[2-4] Is Lisp inherently slower than more conventional languages such as C?

This is a tough question to answer, as you probably expected.  In many
cases, it appears to be.  Lisp does not require the programmer to specify
the data type of variables, so generic arithmetic operators may have to
perform type checking at runtime in order to determine how to proceed.
However, Lisp code can also be denser (i.e.  there is more expressed in a
single line) than many other languages: the Lisp expression (+ A B) is more
powerful than the C expression A+B (the Lisp version supports bignums,
rationals, and complex numbers, while the C version only supports
limited-size integers and floating point); therefore, one may claim that it
is reasonable that the Lisp version take longer than the C version (but
don't expect everyone to accept this rationalization).  Solutions to this
include hardware support (e.g. processors that support type tags in data,
such as SPARC and Symbolics Lisp Machines), declarations, and specialized
variants of functions (e.g. in MacLisp, + accepts and returns only fixnums,
+$ accepts and returns only flonums, and PLUS is generic).

At one time, the MIT PDP-10 MacLisp compiler was compared to DEC's
PDP-10 Fortran compiler.  When appropriate declarations were supplied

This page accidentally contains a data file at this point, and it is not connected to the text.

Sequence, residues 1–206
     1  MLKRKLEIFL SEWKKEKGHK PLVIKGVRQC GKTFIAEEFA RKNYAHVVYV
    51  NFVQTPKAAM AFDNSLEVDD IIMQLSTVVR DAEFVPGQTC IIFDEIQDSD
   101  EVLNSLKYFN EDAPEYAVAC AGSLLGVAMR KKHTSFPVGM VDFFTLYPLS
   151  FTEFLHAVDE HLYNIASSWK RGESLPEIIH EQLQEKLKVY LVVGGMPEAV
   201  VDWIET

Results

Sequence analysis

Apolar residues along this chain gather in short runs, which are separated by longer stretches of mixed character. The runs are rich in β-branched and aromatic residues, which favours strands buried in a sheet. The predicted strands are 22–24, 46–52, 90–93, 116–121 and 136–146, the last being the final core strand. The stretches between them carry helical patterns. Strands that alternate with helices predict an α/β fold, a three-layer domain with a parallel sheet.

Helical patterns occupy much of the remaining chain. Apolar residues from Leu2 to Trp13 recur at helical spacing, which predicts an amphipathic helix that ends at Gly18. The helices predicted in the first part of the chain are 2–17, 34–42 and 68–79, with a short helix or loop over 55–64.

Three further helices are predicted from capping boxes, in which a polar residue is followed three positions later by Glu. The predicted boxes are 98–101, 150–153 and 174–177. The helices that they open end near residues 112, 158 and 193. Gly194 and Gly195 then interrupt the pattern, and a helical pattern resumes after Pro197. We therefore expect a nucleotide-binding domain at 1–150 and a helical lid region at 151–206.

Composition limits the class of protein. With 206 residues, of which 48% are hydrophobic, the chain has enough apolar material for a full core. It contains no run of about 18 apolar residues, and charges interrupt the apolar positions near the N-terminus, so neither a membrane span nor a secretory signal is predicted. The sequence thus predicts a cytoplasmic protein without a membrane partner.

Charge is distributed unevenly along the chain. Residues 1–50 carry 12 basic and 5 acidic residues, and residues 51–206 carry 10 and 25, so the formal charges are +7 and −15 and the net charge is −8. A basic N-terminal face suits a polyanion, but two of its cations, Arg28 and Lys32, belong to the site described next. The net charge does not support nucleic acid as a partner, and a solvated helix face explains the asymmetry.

in the Lisp code, the performance of compiled Lisp arithmetic rivaled
that of the Fortran code.  It would hardly be fair to compare Lisp
without declarations to Fortran, since the Fortran compiler would have
more information upon which it could base its optimizations. A more
recent test found that numeric code compiled with optimizations using
CMU CL is within the same ballpark as highly optimized Fortran code.
For unoptimized Fortran code, CMU CL was about 4 times faster.
Even the speed of numeric code generated by other Lisp compilers
(AKCL, Allegro, Lucid) was well within an order of magnitude of good
Fortran and C compilers (although slower than CMU CL).  Inspection of
the emitted C code from AKCL doesn't reveal many obvious sources of
inefficiency. (Since AKCL compiles Lisp into C, there are many cases
where KCL code is as fast as hand-written C code.)

See the paper peoplesparc.berkeley.edu:/pub/papers/fastlisp.ps.Z
for a discussion of the speed of Lisp vis a vis Fortran or C.

Since Lisp is a good language for rapid prototyping, it is easy for a
mediocre programmer (or even a good programmer, who isn't being careful) to
generate a large amount of inefficient Lisp code. A good example is the use
of APPEND to link successive lists together, instead of keeping a pointer
to the tail of the list. Often a programmer can obtain significant
speed increases by using a time/space profiler to identify the
functions which waste time (often small functions which are called
frequently) and rewriting those functions.
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